in Translations, an autoethnography
Nora Engel

understand how actors enact standards in practices, rather than to suggest a particular balance of local adaptation and standardization (Engel and Zeiss, 2014 ). Such an approach allows studying how patients and health care providers negotiate what for them is social about TB, instead of taking social determinants as taken for granted in advance (Koch, 2016 ). In what follows and after a brief background on DOTS, the existing critique on DOTS is reviewed with regard to the relationship between standardization and localization and discussed with empirical results from

in Global health and the new world order
Abstract only
Modelling, ethnography and the challenge of the anthropocene
Hannah Knox

climate change adaptation with a view to providing a blueprint for cities and urban policymakers of how to adapt to future environmental challenges. Several people were employed on the project, including a physical geographer, a quantitative social scientist, a policy expert, a junior qualitative social researcher and two senior professors who came respectively from a natural science and a social science background. During the course of the project I became involved in their work and contributed to some of the project research. This chapter emerges, ethnographically

in Ethnography for a data-saturated world
Claire Beaudevin, Jean-Paul Gaudillière, Christoph Gradmann, Anne M. Lovell, and Laurent Pordié

) and Chorev ( 2012 ), as well as Cueto, Brown and Fee in their recent monograph ( 2019 ), have operated within comparable framings. Similarly, Packard, in his monograph (2016), has argued for more long-term continuity but seems to confirm the centrality of the 1980s–2000s as a period of change. To the historian, global health appears as both response and adaptation to a new situation dominated by a neoliberal agenda, associated with the rise of the World Bank alongside (and sometimes displacing) the WHO in the area of health, the quantification of health as an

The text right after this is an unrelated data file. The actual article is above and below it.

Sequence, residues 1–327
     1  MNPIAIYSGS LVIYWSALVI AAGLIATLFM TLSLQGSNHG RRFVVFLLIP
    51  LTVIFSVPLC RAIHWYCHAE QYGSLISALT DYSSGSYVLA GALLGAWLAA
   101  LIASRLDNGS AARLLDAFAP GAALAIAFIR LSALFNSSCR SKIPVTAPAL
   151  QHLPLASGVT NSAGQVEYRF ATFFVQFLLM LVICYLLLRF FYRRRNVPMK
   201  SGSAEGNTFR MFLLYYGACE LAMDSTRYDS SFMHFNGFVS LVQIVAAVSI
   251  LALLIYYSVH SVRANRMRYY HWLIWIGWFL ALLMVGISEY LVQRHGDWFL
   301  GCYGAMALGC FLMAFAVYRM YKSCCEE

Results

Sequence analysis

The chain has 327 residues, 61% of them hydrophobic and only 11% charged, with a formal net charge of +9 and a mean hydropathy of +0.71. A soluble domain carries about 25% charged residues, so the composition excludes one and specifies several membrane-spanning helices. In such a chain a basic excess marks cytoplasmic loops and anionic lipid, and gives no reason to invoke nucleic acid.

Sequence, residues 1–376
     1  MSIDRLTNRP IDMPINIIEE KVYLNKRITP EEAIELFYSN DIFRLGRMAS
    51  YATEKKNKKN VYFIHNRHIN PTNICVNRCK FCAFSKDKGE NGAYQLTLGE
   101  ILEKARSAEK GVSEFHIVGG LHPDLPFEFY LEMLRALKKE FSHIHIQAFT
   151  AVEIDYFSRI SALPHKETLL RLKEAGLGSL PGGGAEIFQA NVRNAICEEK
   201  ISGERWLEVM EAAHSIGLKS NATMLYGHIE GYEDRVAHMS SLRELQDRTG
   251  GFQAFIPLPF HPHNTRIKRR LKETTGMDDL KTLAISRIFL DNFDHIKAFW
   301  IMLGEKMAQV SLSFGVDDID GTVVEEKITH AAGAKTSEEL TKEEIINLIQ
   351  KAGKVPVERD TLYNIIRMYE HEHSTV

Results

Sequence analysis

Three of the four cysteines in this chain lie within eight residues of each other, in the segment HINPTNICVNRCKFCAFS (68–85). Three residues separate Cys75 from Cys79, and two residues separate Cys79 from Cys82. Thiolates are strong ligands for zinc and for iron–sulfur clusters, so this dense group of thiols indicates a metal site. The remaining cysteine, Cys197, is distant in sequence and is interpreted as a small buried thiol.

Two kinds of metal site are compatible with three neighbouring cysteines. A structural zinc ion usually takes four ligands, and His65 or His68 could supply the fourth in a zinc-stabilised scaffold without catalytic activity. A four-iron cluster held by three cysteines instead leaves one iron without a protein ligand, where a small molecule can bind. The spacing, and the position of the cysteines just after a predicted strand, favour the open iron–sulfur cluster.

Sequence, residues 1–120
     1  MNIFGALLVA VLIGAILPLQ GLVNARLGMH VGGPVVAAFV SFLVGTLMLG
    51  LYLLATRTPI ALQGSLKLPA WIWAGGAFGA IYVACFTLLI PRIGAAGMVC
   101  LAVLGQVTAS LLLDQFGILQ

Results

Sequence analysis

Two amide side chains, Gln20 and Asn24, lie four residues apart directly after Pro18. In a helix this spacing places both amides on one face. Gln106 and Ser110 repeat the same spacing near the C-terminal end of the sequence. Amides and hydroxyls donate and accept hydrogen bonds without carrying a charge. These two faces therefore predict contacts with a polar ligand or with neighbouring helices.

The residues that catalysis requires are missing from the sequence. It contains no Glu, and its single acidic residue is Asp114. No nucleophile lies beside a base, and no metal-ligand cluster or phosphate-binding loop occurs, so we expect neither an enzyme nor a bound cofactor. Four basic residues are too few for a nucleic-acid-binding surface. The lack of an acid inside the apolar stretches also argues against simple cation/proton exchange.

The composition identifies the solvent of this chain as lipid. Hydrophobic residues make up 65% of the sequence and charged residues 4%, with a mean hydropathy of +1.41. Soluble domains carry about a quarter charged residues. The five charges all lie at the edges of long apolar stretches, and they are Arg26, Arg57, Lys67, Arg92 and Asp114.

in Global health and the new world order
Abstract only
My exhausted and exhausting building
Mona Abaza

‘corporate ladder’, aspirations of social or economic advancement or sexual liaison (or sexual predation); the democratisation of public space; anxieties of technological collapse: the monotony of corporate life and anxieties of urban anomie. (Graham 2014: 245) Between the Sky and Earth (1959 or 1960),2 with screenplay by the late Nobel laureate Naguib Mahfouz and directed by Salah Abu Seif, is a testimony that Egyptians, too, were inspired by the foreign, Anglo-Saxon, ‘civilised’ world, and made a pretty successful adaptation of the elevator as the hero or the epicentre

in Cairo collages
The shifting boundaries of politics in Norwegian healthcare
Anette Fagertun

's traditional adaptation to the labour market to reproduce its institutional care regime. For this reason, he states, important challenges in the sector have been labelled as being ‘the problem of women’, while the core of the problems of flexibility, absorption, and de-skilling have been left ‘non-politicised’ (Vike 2018 : 154). I support Vike's argument, but I hold that this structural dependency should be understood as anti-politics rather than non-politics and that we today may add the flexible adaptation to the labour market by immigrants. Importantly, labour is not

in Intimacy and mobility in an era of hardening borders
Vanya Kovačič

. Diverse mechanisms of adaptation Thus far we have examined how aspects of participants’ personal, professional, and social lives were influenced by treatment in the RSP. Improvements in the quality of life of the participants, however, were largely dependent on the participants’ own ability to adapt to change. The participants reported a number of different mechanisms they employed in an effort to

in Reconstructing lives